The problem of keeping track of institutional wisdom is well known. It is very easy for knowledge about how an organisation works, tips and tricks of solving common problems, or just basic knowledge about people and resources to be “stored” in the head of a single individual or small group. Many years ago I worked at a university where one person, and only that person, knew everything about how the university timetable worked. He was about to retire, and it was a great effort for him to formalise 40 years of informal rules and casual knowledge to pass onto his successors.
Nonetheless, there are ways of eliciting this information. A hard problem, perhaps, is that of recording institutional ignorance. What don’t we know? What issues are disputed? What issues are handled in different ways? Clearly, if such issues can be resolved quickly, then they can be put onto agendas of meetings, and ways found to resolve them. But, what about the longer-term issues? Those that don’t have a quick fix, or where there is deep-seated disagreement about them, or where there is just no resource to sort them out.
It isn’t easy to record this sort of thing. Some people like to think that everything is clean and well-run within an organisation, and that even the act of recording these issues is an admission of failure. In other organisations, there is a lack of willingness to accept that the “official line” isn’t being kept, that people are running shadow systems because the official system isn’t working for the task at hand, or that the only reason for the dispute is lack of knowledge about the “proper” way of doing things. Other organisations are “solution focused”, and believe that anything that is problematic should be sorted out as soon as possible, in ignorance of the constraints of time and resources. All of these belie the complexity of large organisations. It would be shocking to find an organisation in which at least a few issues were unresolved or disputed.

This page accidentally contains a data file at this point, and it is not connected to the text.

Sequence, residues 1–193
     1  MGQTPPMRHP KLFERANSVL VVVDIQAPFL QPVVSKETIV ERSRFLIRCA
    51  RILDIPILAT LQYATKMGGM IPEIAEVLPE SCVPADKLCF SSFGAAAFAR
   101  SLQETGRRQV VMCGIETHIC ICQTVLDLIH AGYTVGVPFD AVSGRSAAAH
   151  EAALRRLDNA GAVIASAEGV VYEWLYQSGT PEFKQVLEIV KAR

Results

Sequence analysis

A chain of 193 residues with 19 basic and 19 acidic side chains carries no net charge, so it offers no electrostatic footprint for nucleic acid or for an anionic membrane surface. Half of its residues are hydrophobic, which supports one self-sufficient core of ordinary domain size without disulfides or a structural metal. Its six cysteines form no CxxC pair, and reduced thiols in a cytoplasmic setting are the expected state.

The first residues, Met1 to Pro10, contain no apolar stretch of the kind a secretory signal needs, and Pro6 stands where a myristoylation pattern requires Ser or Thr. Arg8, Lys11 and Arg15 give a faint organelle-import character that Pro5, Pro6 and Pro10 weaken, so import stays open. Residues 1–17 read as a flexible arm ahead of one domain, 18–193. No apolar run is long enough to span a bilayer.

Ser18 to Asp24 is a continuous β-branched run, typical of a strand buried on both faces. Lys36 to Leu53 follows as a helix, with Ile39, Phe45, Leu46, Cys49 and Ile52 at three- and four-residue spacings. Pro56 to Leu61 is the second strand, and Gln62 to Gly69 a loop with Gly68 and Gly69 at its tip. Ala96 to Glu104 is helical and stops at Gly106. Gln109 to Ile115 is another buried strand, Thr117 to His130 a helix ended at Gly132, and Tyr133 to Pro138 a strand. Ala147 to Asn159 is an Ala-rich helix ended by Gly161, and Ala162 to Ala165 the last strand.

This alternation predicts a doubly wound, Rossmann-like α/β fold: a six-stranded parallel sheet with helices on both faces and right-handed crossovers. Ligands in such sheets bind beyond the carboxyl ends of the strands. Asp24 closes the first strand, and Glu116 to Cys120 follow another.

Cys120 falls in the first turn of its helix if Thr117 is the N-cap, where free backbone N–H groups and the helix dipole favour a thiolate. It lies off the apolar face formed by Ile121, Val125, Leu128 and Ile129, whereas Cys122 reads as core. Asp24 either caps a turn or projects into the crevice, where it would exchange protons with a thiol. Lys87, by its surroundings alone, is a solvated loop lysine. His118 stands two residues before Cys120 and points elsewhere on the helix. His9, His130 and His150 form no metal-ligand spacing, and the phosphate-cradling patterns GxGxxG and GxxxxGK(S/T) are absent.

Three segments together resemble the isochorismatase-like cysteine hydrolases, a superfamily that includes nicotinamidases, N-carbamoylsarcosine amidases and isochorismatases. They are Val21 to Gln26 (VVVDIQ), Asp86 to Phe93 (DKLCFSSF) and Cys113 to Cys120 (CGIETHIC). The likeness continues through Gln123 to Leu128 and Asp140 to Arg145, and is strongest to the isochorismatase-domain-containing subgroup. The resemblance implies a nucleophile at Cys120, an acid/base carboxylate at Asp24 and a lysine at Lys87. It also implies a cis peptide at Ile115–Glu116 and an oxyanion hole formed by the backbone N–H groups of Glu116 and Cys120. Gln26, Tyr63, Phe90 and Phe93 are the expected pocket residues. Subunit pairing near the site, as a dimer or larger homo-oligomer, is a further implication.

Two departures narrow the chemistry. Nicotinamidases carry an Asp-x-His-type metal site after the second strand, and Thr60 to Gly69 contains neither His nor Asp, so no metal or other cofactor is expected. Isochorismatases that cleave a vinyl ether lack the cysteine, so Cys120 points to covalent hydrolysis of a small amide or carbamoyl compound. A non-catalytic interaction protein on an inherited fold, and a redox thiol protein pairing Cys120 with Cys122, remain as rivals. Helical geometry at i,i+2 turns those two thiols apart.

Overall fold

One technology which has a lot of potential for this are shared wiki-style documents. These have the flexibility to act as a repository for information of this kind, without the commitment to “sort it out” that a meeting agenda has. Furthermore, different people can contribute, and, if the organisation is confident enough, different approaches included and discussed, putative solutions recorded, etc. Another advantage is that things are grouped by topic rather than by time.
More generally, there is a need for a repository in-between meeting minutes and policies. A place to store the casual wisdom and notes on practice that are not important or authoritative enough to be recorded in institutional regulations and policies.